Chris Della Mora, P. Eng
Risk Consultant, HUB International
In the age of analytics there is no excuse for being reactive to safety. One emerging (and disturbing) trend is the increase usage in illicit drugs, and the impact it is having on the construction industry. A recent study by CNA Insurance found that 15.1 per cent of construction workers are using drugs – second only to the food industry.
There are several issues that impact the construction industry more than others. One of these is the physical wear and tear that the laborious work takes on the body. This can lead to chronic pain which is often remedied by prescribed opioid usage.
When dealing with legal (prescribed) drug usage – so an employee can return to work pain free – potential issues may arise from the worker operating heavy equipment while under the influence of medication. Simply because it is a prescribed medication, it does not mean that there won’t be some potential impairment from the usage. A longer term effect can be dependence on the drug, which will lead to increased costs in insurance premiums as the employee will continue taking medication longer than medically necessary.
Illicit use can cause other issues for your company. Along with the potential for impairment while on the job, there is also an associated increase in absenteeism and employee turnover with drug use, as well as a decrease in productivity. These are direct costs that affect the bottom line of your business.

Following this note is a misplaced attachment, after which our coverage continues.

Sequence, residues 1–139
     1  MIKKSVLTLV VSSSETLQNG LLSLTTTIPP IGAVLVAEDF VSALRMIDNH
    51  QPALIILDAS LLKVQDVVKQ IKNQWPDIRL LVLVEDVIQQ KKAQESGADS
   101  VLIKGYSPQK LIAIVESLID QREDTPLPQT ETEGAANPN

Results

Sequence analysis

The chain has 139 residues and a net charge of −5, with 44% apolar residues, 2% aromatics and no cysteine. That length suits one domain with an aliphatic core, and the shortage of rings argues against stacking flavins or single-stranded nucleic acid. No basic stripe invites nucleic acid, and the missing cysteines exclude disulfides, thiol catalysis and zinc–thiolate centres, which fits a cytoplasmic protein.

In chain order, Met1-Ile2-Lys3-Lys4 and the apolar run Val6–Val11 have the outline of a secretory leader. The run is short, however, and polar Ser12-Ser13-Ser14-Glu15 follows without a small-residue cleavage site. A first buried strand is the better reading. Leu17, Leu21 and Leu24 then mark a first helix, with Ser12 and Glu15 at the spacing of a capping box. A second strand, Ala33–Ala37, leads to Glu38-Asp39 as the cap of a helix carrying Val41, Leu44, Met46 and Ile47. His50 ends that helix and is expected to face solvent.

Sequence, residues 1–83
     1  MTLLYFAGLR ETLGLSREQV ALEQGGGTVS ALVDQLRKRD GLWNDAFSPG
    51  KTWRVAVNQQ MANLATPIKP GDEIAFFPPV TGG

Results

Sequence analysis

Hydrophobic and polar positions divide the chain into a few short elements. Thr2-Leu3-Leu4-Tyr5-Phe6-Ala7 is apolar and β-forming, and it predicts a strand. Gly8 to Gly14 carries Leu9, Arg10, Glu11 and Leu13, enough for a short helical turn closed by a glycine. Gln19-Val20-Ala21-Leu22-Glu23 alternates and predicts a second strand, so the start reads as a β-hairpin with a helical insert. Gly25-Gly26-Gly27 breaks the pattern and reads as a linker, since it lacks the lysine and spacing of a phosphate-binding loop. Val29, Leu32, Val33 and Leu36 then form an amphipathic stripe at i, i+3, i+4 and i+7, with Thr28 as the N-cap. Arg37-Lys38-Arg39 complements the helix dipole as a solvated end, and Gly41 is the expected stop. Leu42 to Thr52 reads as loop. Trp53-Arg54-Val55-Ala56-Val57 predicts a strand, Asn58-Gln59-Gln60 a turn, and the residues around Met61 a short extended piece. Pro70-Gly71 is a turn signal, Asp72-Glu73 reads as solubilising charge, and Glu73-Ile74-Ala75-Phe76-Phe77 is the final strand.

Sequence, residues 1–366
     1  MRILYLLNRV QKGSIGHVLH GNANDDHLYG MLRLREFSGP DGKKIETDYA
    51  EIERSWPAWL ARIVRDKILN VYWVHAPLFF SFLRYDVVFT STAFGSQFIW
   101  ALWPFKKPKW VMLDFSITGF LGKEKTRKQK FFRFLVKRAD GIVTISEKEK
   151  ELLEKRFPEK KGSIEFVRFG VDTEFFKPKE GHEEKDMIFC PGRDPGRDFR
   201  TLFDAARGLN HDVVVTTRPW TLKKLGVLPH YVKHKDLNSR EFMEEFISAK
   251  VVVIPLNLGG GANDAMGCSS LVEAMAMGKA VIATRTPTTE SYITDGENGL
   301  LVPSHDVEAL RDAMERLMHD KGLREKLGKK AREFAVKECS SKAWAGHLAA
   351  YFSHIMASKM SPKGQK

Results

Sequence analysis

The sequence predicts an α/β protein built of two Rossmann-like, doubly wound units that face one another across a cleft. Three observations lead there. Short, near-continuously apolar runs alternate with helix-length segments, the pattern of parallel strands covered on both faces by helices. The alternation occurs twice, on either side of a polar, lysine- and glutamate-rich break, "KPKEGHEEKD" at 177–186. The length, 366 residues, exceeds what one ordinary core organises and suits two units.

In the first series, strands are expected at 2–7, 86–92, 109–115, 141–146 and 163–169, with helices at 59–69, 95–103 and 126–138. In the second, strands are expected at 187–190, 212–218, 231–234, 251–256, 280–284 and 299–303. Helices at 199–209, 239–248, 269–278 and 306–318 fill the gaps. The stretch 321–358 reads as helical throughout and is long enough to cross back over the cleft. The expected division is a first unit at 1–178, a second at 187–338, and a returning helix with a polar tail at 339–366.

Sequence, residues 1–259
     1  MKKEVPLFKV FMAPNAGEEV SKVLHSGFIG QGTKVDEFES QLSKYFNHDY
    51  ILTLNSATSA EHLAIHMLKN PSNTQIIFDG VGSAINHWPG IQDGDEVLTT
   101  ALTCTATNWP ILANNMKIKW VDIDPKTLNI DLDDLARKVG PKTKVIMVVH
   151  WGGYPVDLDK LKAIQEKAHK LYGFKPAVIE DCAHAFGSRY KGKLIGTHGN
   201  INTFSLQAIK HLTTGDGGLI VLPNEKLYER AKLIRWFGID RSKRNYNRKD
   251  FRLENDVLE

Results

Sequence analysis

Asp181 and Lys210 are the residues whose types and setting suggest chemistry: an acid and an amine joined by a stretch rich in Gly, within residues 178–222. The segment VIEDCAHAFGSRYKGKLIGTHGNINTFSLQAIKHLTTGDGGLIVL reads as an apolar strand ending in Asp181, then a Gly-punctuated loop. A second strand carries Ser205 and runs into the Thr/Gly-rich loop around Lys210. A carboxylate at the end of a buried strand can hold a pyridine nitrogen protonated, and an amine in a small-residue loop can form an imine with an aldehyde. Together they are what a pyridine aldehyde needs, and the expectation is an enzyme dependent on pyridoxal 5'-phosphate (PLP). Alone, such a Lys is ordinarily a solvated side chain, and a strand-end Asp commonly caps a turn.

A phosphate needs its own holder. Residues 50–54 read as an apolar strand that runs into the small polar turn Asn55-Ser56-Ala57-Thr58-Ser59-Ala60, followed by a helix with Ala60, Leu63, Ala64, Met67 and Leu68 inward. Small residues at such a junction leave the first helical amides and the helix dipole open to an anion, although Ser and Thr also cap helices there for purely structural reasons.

So how do you stay ahead of the problem and deal with this issue proactively? Employers have the duty to address issues related to drug and alcohol dependency and abuse. Your insurance broker is a great resource to turn to for guidance and hands-on help. Using data gathered from different industries, geographic locations, demographics, etc., your broker can work with you to measure internal data, analyze trends, and assist in implementing programs to address potential issues before serious issues arise.
This assistance can come from various avenues and can be completely tailored to an individual company’s needs. Health and safety policies can be reviewed to check for compliance with the latest standards. Employee Assistance Programs can be implemented to confidentially assist employees who are dealing with substance abuse, or are having a difficult time in their lives and may be looking for an outlet. Industrial hygienists can be used to assess repetitive jobs to address ways to minimize damaging impacts on the human body and try to prevent the chronic injuries before they arise. And on top of all that, a proper return to work program should be included to ensure a proper transition back to the workplace with minimal disruption to the client and employee.
The next wave of drug use on the job site is just around the corner with the legalization of marijuana expected in Canada in late October. There are still more questions than answers on the affects this will have on businesses, but one thing is certain, having a proactive approach to other drug use will provide an easier transition into this uncertain time.